One way to plan out your short-term career ambitions is to look up online job descriptions of the position you hope to attain and scrutinize the qualifications. In doing so, you will about realistic goals to bring up when you answer.
For example, if you aspire be a financial analyst in the investment firm where you’re interviewing, but you are currently applying for a finance program associate position, make sure you can attain the needed qualifications while working full-time. If you haven’t already earned the necessary degree, your interviewer may infer that you’ll be going back to school — and therefore either leaving your position or cutting back on your hours to attend part-time. That answer could backfire.
Better still, find out what training programs are offered through the firm or that can be reimbursed through the firm while holding down your full-time job. Reference your desire to hone your skills and learn more, and you’ll impress your interviewer with your future-focused aspirations.
The “Where do you see yourself in 5 years” question forces you to peer into the future. Sometimes this can feel frightening, but fighting the question will not help you secure the job. Lean into the question, instead of away from it.((Language in Society: Answers and evasions))
For example, do not say, “I can’t possibly know where I will be in five years from now. In the last five years, I got married, divorced, and remarried. Whew! Life’s a whirlwind.” Do your best to answer the question, and don’t be defensive.
If you are truly just trying to land a job and haven’t given much thought to what long-term career path to pursue, you may want to answer in a broad, nonspecific way while still showing an upbeat attitude. For example, you may have decided your major in college isn’t your passion after all, and you are interviewing at the company because your roommate works there and flagged your application.
Let your interviewer know that you’re excited by the opportunity and why, and that you are ready for a long-term role. In this case, you may simply answer, “This is a field I’m excited to explore for its growth opportunities and cutting-edge advances. I’m hoping that in five years I’ll have the expertise to help move the company forward and keep it competitive.”
You may be particularly ambitious, and your plan is to climb as high and land as far up in the company as possible, as quickly as possible. Still, tamp down your determination to unseat the CEO in five years (unless you’re entering upper management). If you shoot too high, instead of impressing your interviewer, you will raise eyebrows and come off as over-eager, callous, or even unrealistic.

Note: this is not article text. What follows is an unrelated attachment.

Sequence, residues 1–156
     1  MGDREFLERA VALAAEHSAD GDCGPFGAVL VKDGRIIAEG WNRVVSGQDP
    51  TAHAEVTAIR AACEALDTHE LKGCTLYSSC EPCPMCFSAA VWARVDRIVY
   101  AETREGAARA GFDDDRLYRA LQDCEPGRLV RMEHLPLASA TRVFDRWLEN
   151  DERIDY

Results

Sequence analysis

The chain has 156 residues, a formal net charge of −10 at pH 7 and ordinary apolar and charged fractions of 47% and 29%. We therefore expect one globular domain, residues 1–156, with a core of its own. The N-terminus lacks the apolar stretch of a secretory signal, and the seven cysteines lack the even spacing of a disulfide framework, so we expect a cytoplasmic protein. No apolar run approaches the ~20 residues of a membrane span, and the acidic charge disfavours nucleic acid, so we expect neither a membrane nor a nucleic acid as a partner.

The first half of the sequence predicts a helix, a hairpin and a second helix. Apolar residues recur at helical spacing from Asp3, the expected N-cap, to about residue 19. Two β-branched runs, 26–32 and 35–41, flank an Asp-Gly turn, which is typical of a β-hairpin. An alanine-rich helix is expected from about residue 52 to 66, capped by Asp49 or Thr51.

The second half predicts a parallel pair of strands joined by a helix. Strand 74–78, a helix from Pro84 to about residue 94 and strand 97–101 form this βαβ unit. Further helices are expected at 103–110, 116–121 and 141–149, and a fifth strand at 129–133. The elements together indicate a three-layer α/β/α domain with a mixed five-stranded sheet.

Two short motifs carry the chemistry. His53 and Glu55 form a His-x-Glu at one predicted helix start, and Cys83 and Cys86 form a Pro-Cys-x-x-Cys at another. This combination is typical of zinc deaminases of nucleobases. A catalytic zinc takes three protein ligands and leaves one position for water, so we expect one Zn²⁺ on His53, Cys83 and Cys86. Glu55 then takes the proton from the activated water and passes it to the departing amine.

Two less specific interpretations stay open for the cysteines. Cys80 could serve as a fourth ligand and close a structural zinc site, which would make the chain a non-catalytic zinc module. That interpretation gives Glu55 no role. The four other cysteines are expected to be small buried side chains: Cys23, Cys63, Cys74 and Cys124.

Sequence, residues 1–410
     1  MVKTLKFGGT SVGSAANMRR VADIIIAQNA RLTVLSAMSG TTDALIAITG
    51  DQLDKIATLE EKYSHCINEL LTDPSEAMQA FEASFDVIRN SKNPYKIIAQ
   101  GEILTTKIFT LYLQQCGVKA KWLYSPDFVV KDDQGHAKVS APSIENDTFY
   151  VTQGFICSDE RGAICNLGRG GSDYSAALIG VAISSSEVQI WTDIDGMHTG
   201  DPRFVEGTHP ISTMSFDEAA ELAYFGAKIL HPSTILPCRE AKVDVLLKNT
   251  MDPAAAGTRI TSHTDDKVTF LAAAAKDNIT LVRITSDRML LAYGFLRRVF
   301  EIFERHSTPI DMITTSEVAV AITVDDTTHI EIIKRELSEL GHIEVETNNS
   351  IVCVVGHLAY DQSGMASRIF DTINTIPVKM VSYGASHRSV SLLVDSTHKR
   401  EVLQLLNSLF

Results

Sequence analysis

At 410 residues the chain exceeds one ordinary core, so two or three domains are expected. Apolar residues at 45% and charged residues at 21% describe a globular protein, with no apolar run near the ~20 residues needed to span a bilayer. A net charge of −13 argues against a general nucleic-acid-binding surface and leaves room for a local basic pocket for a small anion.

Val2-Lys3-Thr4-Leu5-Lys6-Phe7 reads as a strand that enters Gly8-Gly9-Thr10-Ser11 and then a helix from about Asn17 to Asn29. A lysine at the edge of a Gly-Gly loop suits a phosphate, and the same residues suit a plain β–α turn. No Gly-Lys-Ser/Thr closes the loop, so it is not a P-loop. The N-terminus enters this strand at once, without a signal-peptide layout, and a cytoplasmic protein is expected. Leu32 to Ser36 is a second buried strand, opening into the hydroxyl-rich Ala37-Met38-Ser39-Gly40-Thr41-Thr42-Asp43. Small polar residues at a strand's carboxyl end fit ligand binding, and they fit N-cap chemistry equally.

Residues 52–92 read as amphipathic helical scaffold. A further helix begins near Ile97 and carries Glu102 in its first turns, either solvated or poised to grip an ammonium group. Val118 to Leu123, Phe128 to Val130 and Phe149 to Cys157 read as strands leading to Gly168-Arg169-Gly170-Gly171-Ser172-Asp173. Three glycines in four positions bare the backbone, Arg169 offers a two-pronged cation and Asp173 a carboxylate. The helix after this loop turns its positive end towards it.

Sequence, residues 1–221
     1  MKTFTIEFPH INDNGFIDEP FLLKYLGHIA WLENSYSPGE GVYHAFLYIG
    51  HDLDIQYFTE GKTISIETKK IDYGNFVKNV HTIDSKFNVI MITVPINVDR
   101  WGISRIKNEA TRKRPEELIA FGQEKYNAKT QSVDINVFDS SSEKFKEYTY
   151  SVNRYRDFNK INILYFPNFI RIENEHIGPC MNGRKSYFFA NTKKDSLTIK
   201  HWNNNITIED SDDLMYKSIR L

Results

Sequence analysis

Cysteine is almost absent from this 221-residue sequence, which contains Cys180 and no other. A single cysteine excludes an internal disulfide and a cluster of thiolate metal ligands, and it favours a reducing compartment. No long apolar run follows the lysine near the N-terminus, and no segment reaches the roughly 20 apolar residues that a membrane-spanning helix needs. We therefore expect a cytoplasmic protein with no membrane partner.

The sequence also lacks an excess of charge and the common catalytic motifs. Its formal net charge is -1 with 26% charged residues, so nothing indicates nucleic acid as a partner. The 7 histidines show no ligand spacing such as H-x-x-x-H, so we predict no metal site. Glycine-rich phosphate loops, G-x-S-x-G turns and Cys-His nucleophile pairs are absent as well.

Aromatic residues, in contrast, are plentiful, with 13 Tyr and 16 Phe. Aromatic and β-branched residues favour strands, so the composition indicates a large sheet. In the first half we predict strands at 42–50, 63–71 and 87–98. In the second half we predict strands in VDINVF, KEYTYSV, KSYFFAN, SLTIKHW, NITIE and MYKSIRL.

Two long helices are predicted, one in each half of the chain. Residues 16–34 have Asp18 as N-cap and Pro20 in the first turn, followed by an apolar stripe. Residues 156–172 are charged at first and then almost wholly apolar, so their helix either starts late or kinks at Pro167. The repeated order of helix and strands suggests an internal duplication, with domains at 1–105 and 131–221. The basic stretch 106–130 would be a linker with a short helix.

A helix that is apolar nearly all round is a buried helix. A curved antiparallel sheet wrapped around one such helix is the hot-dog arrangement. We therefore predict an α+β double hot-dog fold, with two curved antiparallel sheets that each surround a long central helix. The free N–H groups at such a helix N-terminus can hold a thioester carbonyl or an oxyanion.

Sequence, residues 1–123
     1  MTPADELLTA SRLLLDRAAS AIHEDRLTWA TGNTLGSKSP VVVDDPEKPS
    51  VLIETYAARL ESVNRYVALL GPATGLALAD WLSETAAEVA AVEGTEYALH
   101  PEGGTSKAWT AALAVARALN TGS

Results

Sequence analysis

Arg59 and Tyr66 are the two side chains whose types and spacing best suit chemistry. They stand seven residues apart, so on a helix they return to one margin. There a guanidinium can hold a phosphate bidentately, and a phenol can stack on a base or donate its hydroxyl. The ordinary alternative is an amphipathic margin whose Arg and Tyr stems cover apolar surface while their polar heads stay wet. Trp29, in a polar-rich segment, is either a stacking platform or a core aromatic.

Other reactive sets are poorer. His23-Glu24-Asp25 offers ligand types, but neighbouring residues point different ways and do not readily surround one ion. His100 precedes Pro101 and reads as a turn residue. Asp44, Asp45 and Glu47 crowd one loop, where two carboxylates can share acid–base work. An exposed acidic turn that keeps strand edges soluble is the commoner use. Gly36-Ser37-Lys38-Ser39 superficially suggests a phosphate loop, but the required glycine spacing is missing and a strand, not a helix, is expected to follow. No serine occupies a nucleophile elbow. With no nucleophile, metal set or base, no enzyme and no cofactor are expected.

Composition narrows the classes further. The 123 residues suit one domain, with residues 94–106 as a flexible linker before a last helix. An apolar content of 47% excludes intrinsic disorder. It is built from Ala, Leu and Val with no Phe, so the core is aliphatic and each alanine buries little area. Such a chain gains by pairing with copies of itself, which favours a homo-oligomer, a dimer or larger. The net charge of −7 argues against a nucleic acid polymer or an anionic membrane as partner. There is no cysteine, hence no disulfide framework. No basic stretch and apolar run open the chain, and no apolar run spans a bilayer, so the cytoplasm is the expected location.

Root your answer in reality, realizing that advancing one or two positions above the one you’re interviewing for is the most likely scenario. If you can use a past job advancement experience as an example, you will show that you are advancement-worthy.
For example: “My summer job in college was at a vacation resort where I started in the restaurant as wait staff, but after one summer, I was promoted to restaurant manager, and the next summer I became an assistant to the general manager. My hope is that in five years I’ll again be able to advance two positions above where I’d be starting in your company by showing my ability to learn quickly and gain others’ trust.”
As today’s job turnover rates become as commonplace as upgrading your iPhone, employers are trying their best to discern which candidates will stick around and which will quickly become antsy and want to move on. In fact, applicants with a job history of changing jobs frequently may not land the interview at all, regardless of their qualifications.
Try to demonstrate that you see yourself staying within the company, learning and adding value as you go. If you then end up staying with the employer for five years or more, chances are it has turned out to be a positive situation for both you and the company — and the answer you gave to “Where do you see yourself in 5 years” may actually have been realized.